public function boot()
{
$this->registerPolicies();
Auth::provider('caching', function ($app, array $config) {
return new CachingUserProvider(
$app->make('Illuminate\Contracts\Hashing\Hasher'),
$config['model'],
$app->make('Illuminate\Contracts\Cache\Repository')
);
});
}
}

Note here that we call this provider caching, and we pass it the hasher, the model name, and an instance of the cache. Then, we need to update config/auth.php to use this provider:

'providers' => [
'users' => [
'driver' => 'caching',
'model' => App\Eloquent\Models\User::class,
],
],

The only issue now is that our user models will continue to be cached, even when they are updated. To be able to flush the cache, we can create a model event that fires whenever the user model is updated:

<?php
namespace App\Eloquent\Models;
use Illuminate\Notifications\Notifiable;
use Illuminate\Foundation\Auth\User as Authenticatable;
use App\Events\UserAmended;
class User extends Authenticatable
{
use Notifiable;
protected $dispatchesEvents = [
'saved' => UserAmended::class,
'deleted' => UserAmended::class,
'restored' => UserAmended::class,
];
}

This will call the UserAmended event when a user model is created, updated, deleted or restored. Then we can define that event:

<?php
namespace App\Events;
use Illuminate\Broadcasting\Channel;
use Illuminate\Queue\SerializesModels;
use Illuminate\Broadcasting\PrivateChannel;
use Illuminate\Broadcasting\PresenceChannel;
use Illuminate\Foundation\Events\Dispatchable;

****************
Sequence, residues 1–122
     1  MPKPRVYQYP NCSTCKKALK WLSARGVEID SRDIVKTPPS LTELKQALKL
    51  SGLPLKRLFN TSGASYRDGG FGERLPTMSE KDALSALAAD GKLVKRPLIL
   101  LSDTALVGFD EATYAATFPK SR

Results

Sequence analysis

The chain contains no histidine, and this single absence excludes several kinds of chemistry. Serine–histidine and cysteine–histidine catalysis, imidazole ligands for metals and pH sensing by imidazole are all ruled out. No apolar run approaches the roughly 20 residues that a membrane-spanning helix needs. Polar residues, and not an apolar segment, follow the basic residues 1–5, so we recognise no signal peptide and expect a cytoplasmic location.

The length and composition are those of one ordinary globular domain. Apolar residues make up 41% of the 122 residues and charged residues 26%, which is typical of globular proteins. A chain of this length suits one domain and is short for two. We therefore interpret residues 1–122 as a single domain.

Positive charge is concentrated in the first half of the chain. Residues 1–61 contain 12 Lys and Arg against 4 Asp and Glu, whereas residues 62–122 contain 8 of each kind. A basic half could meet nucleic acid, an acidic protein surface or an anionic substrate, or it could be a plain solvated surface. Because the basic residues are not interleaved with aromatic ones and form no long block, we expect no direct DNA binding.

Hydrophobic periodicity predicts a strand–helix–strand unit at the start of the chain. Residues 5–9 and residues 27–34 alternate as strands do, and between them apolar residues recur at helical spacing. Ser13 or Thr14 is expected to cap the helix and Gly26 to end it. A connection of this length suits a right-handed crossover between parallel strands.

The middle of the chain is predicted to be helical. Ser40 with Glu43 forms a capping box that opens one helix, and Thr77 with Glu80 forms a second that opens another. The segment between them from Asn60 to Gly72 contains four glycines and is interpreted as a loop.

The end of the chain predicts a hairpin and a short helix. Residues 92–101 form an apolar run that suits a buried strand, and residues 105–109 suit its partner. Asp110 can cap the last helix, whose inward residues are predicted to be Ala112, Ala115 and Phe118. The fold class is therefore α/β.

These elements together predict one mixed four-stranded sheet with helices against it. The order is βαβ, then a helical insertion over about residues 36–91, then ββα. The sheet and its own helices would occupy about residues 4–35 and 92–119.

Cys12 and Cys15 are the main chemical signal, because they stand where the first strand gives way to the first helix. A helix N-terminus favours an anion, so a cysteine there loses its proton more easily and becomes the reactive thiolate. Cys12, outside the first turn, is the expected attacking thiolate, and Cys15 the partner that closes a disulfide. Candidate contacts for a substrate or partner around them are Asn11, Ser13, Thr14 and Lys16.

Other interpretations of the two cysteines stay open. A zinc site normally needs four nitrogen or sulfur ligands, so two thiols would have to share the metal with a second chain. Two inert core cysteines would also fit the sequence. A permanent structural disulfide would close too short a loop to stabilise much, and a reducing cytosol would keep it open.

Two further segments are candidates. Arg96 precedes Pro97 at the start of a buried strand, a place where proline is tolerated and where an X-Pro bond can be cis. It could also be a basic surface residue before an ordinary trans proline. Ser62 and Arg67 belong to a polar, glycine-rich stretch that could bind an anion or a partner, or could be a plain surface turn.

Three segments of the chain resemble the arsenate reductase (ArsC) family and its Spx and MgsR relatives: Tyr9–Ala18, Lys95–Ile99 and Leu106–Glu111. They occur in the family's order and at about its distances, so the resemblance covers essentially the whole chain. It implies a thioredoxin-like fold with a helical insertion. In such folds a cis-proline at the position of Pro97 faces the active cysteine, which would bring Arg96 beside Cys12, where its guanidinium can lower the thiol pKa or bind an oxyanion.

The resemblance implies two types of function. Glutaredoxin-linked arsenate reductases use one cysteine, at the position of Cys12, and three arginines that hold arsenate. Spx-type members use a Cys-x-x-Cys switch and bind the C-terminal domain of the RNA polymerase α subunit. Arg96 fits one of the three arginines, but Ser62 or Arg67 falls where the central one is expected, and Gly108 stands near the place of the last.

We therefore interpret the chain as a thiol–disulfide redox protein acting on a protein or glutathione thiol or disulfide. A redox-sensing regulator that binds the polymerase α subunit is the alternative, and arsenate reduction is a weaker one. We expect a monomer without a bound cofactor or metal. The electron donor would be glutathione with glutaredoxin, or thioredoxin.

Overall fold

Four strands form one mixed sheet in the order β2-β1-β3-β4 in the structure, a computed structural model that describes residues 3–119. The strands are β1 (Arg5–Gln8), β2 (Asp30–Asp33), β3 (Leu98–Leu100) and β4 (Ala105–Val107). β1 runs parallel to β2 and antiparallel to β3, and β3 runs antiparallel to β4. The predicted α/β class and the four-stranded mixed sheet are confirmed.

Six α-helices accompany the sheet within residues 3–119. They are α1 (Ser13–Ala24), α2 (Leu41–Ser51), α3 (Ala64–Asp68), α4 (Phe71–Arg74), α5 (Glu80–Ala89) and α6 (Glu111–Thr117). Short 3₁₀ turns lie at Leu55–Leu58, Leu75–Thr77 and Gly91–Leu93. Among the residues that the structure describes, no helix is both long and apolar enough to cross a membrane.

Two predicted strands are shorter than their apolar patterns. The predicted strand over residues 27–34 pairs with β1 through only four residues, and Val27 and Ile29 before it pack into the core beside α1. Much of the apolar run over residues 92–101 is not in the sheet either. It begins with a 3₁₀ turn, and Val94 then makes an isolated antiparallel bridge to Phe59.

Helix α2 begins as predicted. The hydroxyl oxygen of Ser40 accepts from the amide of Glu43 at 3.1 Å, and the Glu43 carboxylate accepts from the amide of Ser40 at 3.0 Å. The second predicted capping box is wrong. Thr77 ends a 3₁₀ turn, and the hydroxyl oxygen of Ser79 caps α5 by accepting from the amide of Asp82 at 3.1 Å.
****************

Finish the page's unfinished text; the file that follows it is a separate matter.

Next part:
use Illuminate\Broadcasting\InteractsWithSockets;
use Illuminate\Contracts\Broadcasting\ShouldBroadcast;
use App\Eloquent\Models\User;
class UserAmended
{
use Dispatchable, InteractsWithSockets, SerializesModels;
/**
* Create a new event instance.
*
* @return void
*/
public function __construct(User $model)
{
$this->model = $model;
}
}

Note our event contains an instance of the user model. Then we set up a listener to do the work of clearing the cache:

<?php
namespace App\Listeners;
use Illuminate\Queue\InteractsWithQueue;
use Illuminate\Contracts\Queue\ShouldQueue;
use App\Events\UserAmended;
use Illuminate\Contracts\Cache\Repository;
class ClearUserId
{
/**
* Create the event listener.
*
* @return void
*/
public function __construct(Repository $cache)
{
$this->cache = $cache;
}
/**
* Handle the event.
*
* @param object $event
* @return void
*/
public function handle(UserAmended $event)
{
$this->cache->tags(get_class($event->model))->forget('user_by_id_'.$event->model->id);
}
}

Here, we get the user model’s class again, and clear the cache entry for that user model.

Finally, we hook up the event and listener in the event service provider:

<?php
namespace App\Providers;
use Illuminate\Support\Facades\Event;
use Illuminate\Foundation\Support\Providers\EventServiceProvider as ServiceProvider;
class EventServiceProvider extends ServiceProvider
{
/**
* The event listener mappings for the application.
*
* @var array
*/
protected $listen = [
'App\Events\UserAmended' => [
'App\Listeners\ClearUserId',
],
];
/**
* Register any events for your application.